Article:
Other Illnesses as a Seizure Trigger


A common seizure trigger in people with epilepsy is being sick with some type of acute illness or infection. Head colds, lung infections or sinus infections (caused by viruses or bacteria) can often lead to a change in seizures.

  • The seizures could be triggered by the physical stress of being sick, having a fever, or getting dehydrated if you aren't eating or drinking well.
  • People with seizures who have stomach bugs or illnesses causing upset stomach and vomiting can get dehydrated and may not be able to take their seizure medicines on time.
  • People may also not sleep well when they are sick, adding another possible trigger!

Some medicines you can get without a prescription (called over-the-counter or OTC drugs) can potentially increase seizures in people with epilepsy. They could even cause seizures for the first time. If you have epilepsy, talk to your pharmacist or doctor about what OTC drugs you can take.

  • The most common OTC medicine that may affect seizures is probably diphenhydramine. This medicine is the active ingredient in medications like Benadryl, which is used for colds, allergies, and sleep. Other medicines for head colds, allergies or other conditions have ingredients that may affect seizures or seizure medicines.
  • Some OTC drugs may lower the risk of seizures.
  • Nasal saline sprays are safe to use for colds, allergies, and sinus problems.
  • Some herbal medicines also have ingredients that can increase the chance of seizures or affect seizure medicines. Just because they come from nature does not necessarily mean they are safe for you to use.
  • Other common medicines (even aspirin in some cases) can increase side effects of a seizure medicine ;or increase seizures by changing the level of medicine in your blood.
  • Check your anti-seizure medication on epilepsy.com's Seizure Medicine List and the drug's package insert for more information. Ask your pharmacist too!

Some common antibiotics can also make a person with epilepsy more likely to have seizures.

  • If you have an infection and need an antibiotic, ask your primary care provider talk to your epilepsy specialist to see which antibiotics may be best to use.
  • Sometimes a person needs to use an antibiotic for an infection that could also provoke seizures. When this happens, make sure your doctors talk to each other first.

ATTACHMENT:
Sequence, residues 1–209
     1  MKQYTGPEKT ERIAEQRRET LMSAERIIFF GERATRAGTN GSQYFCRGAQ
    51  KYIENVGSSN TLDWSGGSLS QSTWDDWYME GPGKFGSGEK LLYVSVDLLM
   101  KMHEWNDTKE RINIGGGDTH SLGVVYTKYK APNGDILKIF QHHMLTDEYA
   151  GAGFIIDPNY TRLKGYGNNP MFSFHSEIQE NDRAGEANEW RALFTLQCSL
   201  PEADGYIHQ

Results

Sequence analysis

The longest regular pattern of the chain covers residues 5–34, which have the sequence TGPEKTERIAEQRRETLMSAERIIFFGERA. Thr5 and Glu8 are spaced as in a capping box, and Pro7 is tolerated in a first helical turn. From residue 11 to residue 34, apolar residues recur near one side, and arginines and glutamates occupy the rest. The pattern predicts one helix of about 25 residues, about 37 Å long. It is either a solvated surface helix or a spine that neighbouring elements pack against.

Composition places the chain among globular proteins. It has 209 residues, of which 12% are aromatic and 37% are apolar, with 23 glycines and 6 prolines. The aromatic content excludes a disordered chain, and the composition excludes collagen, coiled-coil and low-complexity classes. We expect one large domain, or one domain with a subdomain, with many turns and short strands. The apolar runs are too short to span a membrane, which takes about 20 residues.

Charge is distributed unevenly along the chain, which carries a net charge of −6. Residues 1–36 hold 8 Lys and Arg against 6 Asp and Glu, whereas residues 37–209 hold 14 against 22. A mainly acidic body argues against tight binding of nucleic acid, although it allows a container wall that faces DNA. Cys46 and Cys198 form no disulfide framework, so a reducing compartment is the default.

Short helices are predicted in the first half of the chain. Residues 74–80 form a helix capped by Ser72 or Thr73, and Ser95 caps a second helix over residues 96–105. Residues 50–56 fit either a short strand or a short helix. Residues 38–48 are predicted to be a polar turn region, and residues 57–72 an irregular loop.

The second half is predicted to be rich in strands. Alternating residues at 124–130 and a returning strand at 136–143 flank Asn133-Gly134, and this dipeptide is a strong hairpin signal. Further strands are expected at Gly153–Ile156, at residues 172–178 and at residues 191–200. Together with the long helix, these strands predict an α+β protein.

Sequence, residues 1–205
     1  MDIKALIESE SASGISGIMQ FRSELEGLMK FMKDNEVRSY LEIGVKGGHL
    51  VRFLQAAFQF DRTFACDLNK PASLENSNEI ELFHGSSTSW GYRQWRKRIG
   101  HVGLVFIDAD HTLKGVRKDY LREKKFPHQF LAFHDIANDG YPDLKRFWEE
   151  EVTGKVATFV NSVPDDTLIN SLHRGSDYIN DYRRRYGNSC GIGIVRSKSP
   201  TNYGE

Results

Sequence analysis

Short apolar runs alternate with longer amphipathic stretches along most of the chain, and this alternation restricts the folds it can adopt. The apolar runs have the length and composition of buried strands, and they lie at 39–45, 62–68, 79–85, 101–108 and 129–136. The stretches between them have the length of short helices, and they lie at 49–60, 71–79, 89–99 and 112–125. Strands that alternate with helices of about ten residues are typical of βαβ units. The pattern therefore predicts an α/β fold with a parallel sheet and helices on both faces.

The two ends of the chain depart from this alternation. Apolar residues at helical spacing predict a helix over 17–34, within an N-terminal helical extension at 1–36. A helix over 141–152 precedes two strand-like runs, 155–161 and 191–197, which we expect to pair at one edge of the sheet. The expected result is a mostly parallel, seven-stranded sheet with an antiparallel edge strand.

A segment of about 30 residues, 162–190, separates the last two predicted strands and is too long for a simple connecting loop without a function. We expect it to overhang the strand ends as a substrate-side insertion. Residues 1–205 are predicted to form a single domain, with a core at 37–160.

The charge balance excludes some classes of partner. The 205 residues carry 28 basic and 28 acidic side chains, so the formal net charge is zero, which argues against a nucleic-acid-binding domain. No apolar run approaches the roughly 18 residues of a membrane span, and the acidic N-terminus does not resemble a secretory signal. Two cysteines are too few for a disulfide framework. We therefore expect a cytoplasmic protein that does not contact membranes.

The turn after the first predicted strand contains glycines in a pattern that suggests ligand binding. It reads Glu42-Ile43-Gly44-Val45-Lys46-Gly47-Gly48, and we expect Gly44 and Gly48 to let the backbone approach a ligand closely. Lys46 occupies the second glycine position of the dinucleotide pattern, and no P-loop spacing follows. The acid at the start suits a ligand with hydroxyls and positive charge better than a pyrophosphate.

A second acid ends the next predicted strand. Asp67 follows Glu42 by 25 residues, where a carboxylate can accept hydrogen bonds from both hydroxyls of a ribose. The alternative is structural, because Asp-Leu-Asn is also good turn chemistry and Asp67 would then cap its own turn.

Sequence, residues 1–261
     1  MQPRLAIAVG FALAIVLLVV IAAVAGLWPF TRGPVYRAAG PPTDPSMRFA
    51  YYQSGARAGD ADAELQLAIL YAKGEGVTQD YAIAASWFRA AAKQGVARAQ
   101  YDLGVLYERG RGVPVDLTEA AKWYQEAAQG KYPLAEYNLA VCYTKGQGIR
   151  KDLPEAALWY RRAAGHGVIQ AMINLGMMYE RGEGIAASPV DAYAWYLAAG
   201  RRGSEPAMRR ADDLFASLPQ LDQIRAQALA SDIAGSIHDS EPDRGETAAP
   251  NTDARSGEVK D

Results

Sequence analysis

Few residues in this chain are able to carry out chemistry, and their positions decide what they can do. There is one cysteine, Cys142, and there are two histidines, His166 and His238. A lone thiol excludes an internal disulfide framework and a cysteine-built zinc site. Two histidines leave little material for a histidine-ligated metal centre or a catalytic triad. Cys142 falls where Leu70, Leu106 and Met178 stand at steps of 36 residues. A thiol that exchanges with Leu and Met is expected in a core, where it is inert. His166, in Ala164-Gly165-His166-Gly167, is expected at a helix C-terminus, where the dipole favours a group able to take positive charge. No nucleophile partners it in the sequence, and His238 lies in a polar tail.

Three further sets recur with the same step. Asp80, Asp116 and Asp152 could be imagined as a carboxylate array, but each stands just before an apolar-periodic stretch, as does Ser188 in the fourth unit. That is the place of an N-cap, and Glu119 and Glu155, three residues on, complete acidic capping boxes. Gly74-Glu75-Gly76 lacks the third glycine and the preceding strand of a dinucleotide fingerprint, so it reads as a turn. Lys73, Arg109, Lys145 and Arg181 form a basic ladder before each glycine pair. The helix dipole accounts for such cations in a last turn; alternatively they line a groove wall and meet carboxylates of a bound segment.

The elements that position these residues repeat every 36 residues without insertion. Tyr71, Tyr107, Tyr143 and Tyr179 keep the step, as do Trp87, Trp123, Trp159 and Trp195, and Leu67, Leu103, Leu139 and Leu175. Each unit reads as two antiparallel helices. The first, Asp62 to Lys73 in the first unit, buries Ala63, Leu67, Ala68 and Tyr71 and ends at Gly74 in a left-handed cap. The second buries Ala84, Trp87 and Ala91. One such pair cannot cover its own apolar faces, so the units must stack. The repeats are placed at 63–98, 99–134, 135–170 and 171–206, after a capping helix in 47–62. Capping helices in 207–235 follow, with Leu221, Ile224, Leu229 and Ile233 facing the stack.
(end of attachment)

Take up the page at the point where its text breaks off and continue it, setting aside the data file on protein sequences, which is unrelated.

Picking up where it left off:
• Call your epilepsy doctor or nurse if you notice a change in seizures. They may suggest adjusting your seizure medicine or using a rescue medicine (like lorazepam, diazepam, or midazolam) until you are done with the antibiotic.

Some antibiotics can change the amount of seizure medicine in your system. For example, erythromycin or similar antibiotics can raise the amount of certain seizure medicines. This may cause more side effects to the seizure medicine.

  • Talk to your pharmacist and health care provider about antibiotics and seizure medicines.
  • Call your provider if side effects like dizziness, blurry vision, or a change in balance or walking happen after starting an antibiotic.
  • Keep a diary (paper or electronic) of your seizures and note any triggers, including if you get sick with an infection, cold or other illness.
  • Talk to your epilepsy health care provider before taking a new medicine prescribed by a different doctor.
  • Keep a list of medicines that trigger your seizures or that affect the levels of your seizure medicine(s). Share this list with all health care providers that you see.
  • Ask your epilepsy care provider for a rescue drug and when to take it. Rescue medicines can be used for unexpected changes in seizures that occur once in a while. They are used to help calm down or stop seizures and prevent a seizure emergency. They are not used in place of daily seizure medicine. Rescue medicines should not be used instead of getting emergency medical help for seizure emergencies.
  • Take good care of yourself. When you are sick, drink plenty of fluids, eat as best you can, take recommended medicines to treat a fever, and get rest.
  • If you are given an antibiotic or other medicine to treat the new illness, make sure to take the full course. Call your doctor if the symptoms don’t go away after the medicine is done.
  • Call your epilepsy care provider if you have diarrhea and a change in your seizures. You may not be absorbing all the seizure medicines.
  • Don’t miss any doses of seizure medicine. If you are sick to your stomach and can’t hold down your medicine, call your epilepsy doctor or go to an emergency room so you can get something to stop vomiting and help you take your seizure medicines.

Authored By:

Patty Obsorne Shafer RN, MN

Reviewed By:

Elaine Wirrell MD

Resources

Epilepsy Centers

Epilepsy centers provide you with a team of specialists to help you diagnose your epilepsy and explore treatment options.

Epilepsy Medication

Find in-depth information on anti-seizure medications so you know what to ask your doctor.

Epilepsy and Seizures 24/7 Helpline

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